So, it appears as if the forums aren't broken if you are commenting on an article. Otherwise, they're screwed up pretty bad. Medic!!!
                1. solidsnakejej's Avatar
                  solidsnakejej -
                  Hmm, maybe better options out there.
                  What Doesn’t Work:
                  If the games are good, nothing else really matters, right? In this case, that isn’t true. A weird amount of your ability to enjoy the NES Classic Edition relies on your proximity to the console itself. You can’t just set it up behind the glass of your entertainment center, then sit back on your couch and settle in for a long play session. There are three reasons for this:

                  1) The controller cord is too short. It’s just 30 inches, and you can’t sync it up to any wireless options (like the Wii remote). That means that you’re tethered to the system while playing, and can’t stray more than 2.5 feet from it. You could use a longer HDMI cable, and then sit close to an outlet for the power plug, but that cobbled-together solution isn’t ideal.

                  2) The reset button is how you get to the menu screen. Once you start a game, you can’t get back to the game selection screen without hitting reset. That’s not a big deal if you just want to sit back and play hours of Dr. Mario, but considering all of the great games that are included, part of the appeal is hopping from one title to another, which means you’ll be hitting reset frequently.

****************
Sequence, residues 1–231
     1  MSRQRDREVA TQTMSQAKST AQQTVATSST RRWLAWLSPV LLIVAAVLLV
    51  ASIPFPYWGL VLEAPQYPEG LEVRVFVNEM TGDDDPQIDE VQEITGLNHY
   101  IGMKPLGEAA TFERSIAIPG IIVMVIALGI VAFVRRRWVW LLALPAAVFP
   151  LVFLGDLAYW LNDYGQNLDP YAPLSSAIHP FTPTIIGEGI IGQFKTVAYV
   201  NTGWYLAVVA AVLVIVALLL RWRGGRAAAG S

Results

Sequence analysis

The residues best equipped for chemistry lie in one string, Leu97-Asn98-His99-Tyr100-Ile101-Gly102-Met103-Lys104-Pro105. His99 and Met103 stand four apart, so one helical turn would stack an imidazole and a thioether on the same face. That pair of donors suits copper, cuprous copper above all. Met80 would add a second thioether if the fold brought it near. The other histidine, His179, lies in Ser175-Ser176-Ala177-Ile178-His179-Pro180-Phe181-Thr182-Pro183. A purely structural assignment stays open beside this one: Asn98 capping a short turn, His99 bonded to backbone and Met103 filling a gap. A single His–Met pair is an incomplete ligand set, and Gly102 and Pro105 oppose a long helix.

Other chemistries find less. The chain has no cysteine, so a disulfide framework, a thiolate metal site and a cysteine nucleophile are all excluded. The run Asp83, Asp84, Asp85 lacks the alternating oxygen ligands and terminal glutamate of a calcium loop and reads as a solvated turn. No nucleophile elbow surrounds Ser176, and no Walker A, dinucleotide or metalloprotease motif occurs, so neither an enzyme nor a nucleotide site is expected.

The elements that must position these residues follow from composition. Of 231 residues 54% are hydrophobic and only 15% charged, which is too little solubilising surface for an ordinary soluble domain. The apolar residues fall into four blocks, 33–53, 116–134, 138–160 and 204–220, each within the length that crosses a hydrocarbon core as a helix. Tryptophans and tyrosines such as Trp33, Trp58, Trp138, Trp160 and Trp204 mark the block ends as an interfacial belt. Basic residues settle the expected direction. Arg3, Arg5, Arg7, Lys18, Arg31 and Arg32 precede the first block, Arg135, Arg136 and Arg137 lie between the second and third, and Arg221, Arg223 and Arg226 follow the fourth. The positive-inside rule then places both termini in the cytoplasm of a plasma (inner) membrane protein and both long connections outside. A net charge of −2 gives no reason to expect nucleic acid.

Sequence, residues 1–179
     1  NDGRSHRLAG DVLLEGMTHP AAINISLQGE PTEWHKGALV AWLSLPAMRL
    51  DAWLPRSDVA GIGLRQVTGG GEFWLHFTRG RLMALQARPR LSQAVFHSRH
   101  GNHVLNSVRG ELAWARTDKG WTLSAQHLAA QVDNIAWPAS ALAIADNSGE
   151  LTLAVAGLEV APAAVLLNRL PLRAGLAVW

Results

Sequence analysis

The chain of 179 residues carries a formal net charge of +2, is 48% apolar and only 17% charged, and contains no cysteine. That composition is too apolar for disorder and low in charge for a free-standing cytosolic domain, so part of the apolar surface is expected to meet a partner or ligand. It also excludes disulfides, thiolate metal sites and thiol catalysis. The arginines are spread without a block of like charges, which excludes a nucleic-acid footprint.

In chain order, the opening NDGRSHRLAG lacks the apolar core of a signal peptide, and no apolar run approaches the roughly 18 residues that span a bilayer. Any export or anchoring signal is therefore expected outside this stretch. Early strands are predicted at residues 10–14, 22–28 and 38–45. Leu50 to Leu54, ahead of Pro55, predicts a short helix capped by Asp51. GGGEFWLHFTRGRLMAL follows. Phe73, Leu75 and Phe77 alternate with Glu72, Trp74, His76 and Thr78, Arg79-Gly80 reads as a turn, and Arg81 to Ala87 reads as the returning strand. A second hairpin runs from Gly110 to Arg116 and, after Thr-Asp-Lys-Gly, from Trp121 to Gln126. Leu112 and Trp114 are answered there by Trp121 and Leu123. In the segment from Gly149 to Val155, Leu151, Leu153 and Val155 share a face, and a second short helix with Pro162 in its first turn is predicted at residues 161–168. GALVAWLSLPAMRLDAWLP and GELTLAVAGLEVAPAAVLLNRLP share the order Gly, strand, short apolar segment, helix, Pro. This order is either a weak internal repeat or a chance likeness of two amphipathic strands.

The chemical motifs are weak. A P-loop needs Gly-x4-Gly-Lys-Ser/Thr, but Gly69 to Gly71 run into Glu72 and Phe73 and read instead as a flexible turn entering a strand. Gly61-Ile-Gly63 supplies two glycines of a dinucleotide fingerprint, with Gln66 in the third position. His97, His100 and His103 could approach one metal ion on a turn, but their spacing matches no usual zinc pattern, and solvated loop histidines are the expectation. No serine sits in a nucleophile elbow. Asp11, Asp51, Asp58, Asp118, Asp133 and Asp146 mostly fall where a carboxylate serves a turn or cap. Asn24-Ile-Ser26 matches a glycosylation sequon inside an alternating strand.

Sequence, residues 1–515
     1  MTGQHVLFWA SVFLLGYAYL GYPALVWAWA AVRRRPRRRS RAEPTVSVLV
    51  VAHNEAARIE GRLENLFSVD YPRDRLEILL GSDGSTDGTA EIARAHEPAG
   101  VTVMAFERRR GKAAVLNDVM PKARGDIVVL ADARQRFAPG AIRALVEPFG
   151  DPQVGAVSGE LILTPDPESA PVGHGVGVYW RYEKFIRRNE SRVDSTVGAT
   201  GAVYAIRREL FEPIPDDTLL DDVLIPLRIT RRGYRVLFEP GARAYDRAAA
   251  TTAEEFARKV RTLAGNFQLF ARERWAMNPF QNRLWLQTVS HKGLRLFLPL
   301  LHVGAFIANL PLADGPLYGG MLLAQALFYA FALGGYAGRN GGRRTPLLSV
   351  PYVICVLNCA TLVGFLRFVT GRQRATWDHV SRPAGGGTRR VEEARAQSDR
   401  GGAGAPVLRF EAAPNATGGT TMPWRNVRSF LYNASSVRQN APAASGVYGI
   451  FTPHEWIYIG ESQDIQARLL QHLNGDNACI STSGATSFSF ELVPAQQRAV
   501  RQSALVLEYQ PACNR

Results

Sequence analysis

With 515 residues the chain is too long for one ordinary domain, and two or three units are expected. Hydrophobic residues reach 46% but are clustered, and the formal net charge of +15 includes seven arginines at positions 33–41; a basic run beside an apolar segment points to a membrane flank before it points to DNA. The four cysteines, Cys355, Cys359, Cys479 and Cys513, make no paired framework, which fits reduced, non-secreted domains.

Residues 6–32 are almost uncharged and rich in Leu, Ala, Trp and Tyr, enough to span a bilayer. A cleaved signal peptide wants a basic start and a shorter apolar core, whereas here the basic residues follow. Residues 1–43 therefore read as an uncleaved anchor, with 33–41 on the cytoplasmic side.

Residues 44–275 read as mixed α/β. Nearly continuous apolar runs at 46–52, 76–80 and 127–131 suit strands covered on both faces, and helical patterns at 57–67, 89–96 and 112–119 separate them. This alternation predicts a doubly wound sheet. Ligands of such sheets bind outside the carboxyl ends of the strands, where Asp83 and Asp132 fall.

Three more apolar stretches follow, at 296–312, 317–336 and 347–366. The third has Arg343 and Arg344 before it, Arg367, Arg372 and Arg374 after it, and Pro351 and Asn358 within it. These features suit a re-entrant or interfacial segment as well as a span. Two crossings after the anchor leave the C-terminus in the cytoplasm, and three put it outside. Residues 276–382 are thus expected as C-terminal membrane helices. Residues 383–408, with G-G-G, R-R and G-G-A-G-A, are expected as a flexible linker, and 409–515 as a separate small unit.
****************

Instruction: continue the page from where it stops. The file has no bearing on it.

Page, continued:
3) The reset button also controls your save states. When you hit reset and return to the menu, the system creates a suspended state of your game that you can lock in to a save slot (each game has four of these slots). You don’t need to use save states (the original games didn’t have them, of course), but they are among the few modern amenities included here, and I wish Nintendo had figured out a more natural way to implement them.

                  Your need to physically interact with the console is baffling, but it doesn’t totally kill the enjoyment. Yes, I would have preferred a way to play the NES Classic Edition from a distance, but that clearly isn’t what Nintendo was going for here. Deliberately keeping players close is a core feature of this system, though I think it ultimately detracts more than it adds.
                1. solidsnakejej's Avatar
                  solidsnakejej -
                  How did they think this was a good idea